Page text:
6 Lessons I Wish I Knew When I Started My Business
- Tuesday, November 20, 2012
Growth is all around us, look at the trees and the grass, they never grow in huge spurts! They just keep at it, day in and day out, and that slow growth from season to season, year to year, is the very thing that makes the trees strong and beautiful.
When we try to artificially stimulate growth by borrowing money – or keeping with our analogy, by adding some fertilizer to get a fast response – at first it looks like a great deal. Eventually though things get out of balance, and before long all the gain that was made will be lost and usually more.
A tool that helped me get some balance and much needed education in this area is budgeting software called YNAB, which stands for, You Need A Budget. I tried other budgeting software before and I could not make them work for me. YNAB finally got through to me because it is built on clear principles and has great resources available like an eBook, training classes, and the software itself is really great as well.
3. They Don’t Always Come if You Build It
The next epiphany is one that was very hard for me to embrace. My beliefs about this topic were deeply ingrained. I’m not sure where I got these ideas, but I was willing to sacrifice everything for them.
I’m referring to the idea that if you make the best product in the world you will be successful. Unfortunately, there are many incredible products out there that go totally unnoticed. The world at large may completely and tragically miss out on these products because the person who created them, like me, had the notion that if their product was that good, it would simply have to be a success.
Once I began to understand this truth, I had to restructure my time and efforts to incorporate set times for working on ways to help people become aware of my guitars and their unique qualities and true value.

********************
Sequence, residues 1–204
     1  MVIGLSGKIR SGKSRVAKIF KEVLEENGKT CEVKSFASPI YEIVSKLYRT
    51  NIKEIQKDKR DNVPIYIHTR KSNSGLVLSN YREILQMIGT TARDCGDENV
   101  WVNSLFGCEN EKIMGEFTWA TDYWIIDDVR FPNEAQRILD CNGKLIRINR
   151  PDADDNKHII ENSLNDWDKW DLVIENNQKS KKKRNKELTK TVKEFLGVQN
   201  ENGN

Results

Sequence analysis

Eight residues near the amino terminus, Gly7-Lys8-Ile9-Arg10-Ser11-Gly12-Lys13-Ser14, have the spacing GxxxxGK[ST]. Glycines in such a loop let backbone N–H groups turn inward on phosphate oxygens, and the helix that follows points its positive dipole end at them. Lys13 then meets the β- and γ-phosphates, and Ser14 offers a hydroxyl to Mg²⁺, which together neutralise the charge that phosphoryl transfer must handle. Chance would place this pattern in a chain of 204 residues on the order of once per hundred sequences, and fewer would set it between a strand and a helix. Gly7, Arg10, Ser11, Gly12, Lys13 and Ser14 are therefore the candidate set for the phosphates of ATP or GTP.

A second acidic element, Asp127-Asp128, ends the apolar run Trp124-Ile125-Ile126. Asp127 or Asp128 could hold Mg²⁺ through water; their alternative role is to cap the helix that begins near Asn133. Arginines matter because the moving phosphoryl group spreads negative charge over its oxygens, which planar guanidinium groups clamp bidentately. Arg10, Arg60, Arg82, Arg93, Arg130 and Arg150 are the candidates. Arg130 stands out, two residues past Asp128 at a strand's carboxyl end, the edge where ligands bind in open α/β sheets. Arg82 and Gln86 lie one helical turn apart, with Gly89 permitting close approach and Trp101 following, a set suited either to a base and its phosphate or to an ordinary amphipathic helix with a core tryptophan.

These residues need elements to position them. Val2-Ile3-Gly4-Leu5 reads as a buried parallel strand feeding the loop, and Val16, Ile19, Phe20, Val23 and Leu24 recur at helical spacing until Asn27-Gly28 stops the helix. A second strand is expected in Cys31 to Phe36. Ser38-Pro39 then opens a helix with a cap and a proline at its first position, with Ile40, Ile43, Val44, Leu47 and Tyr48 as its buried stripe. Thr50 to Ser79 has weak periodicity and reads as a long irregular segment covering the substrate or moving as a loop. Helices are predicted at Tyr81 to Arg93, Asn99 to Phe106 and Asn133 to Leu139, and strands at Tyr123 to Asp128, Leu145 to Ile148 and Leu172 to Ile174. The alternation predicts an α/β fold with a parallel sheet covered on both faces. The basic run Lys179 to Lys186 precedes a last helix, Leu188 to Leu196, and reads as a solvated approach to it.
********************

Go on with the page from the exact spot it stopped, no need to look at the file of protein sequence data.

In order to be able to build my guitars and find ways to communicate their value, I first had to learn to organize my time. The biggest help to me in this area was a book called, ￼￼￼￼￼￼￼￼￼￼￼￼”Getting Things Done” by David Allen. Since time was the issue here, I just listened to the audio version of this while I worked on my guitars and stopped to take notes as needed. This book laid the foundation for the systems that I still use today.
For those of you who use an iPad, I also use two apps; a “to do list” app called Omnifocus which is expensive, but definitely worth it, and a Gantt chart app called SG Project Pro which is really powerful and that I really enjoy using. The head programmer who designed SG Project is a guitar player too, so it must be good.
4. Making Friends is More Fun than Marketing
When it comes to marketing I don’t advocate throwing money around to build up some flashy tricks or gimmicks, but I have seen great results in the slow, hard, diligent, and very rewarding work of being genuine and connecting with people in a meaningful way. It really isn’t marketing, because there isn’t that much of a strategy, essentially it is just making friends with people, getting to know them and understand what they need and want from your product.
Once I know someone, I can better understand how to express the true qualities of my product. If they have needs I’m not currently meeting, then I can try to redesign my product to incorporate the needs and wants of my potential customers. The best part is that making friends is not only more effective than marketing, it’s more fun too.
Simply taking the time to communicate with people via email has been the best tool for this aspect of connecting with people. In addition to regular emails, I use a free email list service called Mailchimp which helps me easily send out a newsletter to the rapidly growing list of people who subscribe to my blog. Building a list of subscribers is a fun way to interact with people who are interested in your product. I even give away a free download of my eBook to every person who subscribes! This is great because it’s a win-win. The book helps me in that it gives people more insight into who I am and what my product is about, and it gives them something of value that they are interested in for free.
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